HartlepoolKingston upon HullKirklees
ManchesterMilton KeynesNewcastle upon Tyne
North East LincolnshireNorth TynesideOldham
ReadingRochdaleSt Helens
SouthamptonSouthend-on-SeaSouth Tyneside
Note: Bolded areas show party has gained control

AdurAmber ValleyBasildon
Basingstoke and DeaneBrentwoodBroxbourne
BurnleyCambridgeCannock Chase
CarlisleCastle PointCheltenham
EastleighElmbridgeEpping Forest
Great YarmouthHarlowHarrogate
LincolnMaidstoneMole Valley
Newcastle-under-LymeNorth HertfordshireNorwich
Nuneaton and BedworthOxfordPendle
PrestonRedditchReigate and Banstead
RunnymedeRushmoorSt Albans
South CambridgeshireSouth LakelandStevenage
TamworthTandridgeThree Rivers
Tunbridge WellsWatfordWelwyn Hatfield
West LancashireWest OxfordshireWinchester
Wyre Forest

Note: Bolded areas show party has gained control

South YorkshireTower HamletsWatford

Monday, 30 April 2018

Slick Man City net century of goals

Premier LeaguePWDLFAGDPts
CManchester City35303210226+7693
2Manchester United3524566727+4077
4Tottenham Hotspur3420866631+3568
All final day fixtures begin at 3pm on Sunday 13th May

CHAMPIONS Manchester City equalled the Premier League record for goals scored in a season as they racked up their 30th win of an outstanding campaign.

The Blues won 4-1 against struggling West Ham United at the London Stadium yesterday to bring up their century of strikes with three games still left to play.

Pep Guardiola's men had already been crowned champions a week earlier when cross-town rivals Manchester United lost 1-0 at home against bottom-of-the-table West Bromwich Albion.

It was hardly a glorious way for Man City to win their third Premier League and fifth English title overall.

Indeed, the best chance of unsurpassable glory came and went at the start of April when Man City unfathomably blew a dominant 2-0 half time lead to lose 3-2 to Jose Mourinho's Red Devils.

Man City also went out of the Champions League to Liverpool in the same week - but, since then, they have recovered their scoring touch and their sheer weight of goals makes them the most clear-cut title winners in many years.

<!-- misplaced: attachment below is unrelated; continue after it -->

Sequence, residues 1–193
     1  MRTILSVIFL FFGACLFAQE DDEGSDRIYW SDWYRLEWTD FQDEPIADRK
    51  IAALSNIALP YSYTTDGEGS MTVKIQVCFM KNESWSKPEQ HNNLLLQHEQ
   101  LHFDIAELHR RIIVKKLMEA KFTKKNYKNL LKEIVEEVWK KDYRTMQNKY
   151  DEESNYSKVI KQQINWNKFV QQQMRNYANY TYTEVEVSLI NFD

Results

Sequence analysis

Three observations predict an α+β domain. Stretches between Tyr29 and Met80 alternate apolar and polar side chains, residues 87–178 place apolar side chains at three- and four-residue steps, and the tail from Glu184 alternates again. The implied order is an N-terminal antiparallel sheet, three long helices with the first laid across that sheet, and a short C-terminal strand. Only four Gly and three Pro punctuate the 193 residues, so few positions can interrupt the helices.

Man United - who are in the FA Cup Final against Chelsea - look set to take the runners-up spot following Marouane Fellaini's stoppage time winner against Arsenal yesterday.

But the final two Champions League places are undecided as of yet.

Liverpool, in third place on 72 points, are in pole position for one of them having remained unbeaten at Anfield all season.

The Reds' 0-0 home draw against Stoke City suggested they may have other things on their mind, though.

After all, Jurgen Klopp's side - having beaten Man City in their all-English quarter final - travel to Roma in the semi finals this week with another three-goal lead to defend. An eighth European Cup final is theirs for the taking.

Of course, trophies have once again eluded Tottenham Hotspur this season - and fourth-placed Spurs must now be careful of being caught in the final Champions League place by a resurgent Chelsea.

Antonio Conte's displaced champions have won their last three games and belatedly look a threat - following their highly disappointing defence of the title.

At least Spurs can console themselves that they are guaranteed to finish above north London rivals Arsenal for a second year in a row.

Indeed, it came as no surprise when Arsene Wenger - amid growing discontent at the Gunners' away form - announced his intention to quit his post in the summer after a stunning 22 years at the club.

Defeat at Old Trafford was the Londoners' sixth away reverse in a row - and Arsenal are, in fact, the only club in the English league to fail to pick up a point on the road in 2018.

Yet, remarkably, Wenger's reign could still end in glorious fashion with victory in the Europa Cup final - and qualification for Champions League.

First, though, Arsenal will need to get past Atletico Madrid in the semi finals by repairing the damage of a disappointing 1-1 draw in the first leg at the Emirates. It looks to be a tough ask.

Meanwhile, at Turf Moor, European nights also look set to be on the menu for the first time since 1967 as Burnley pretty much sealed seventh place with a 0-0 draw at home to Brighton & Hove Albion.

The point keeps the Clarets six points clear of Everton - and the Lancastrians' superior goal difference makes it highly unlikely that the eighth-placed Toffees can catch Sean Dyche's men.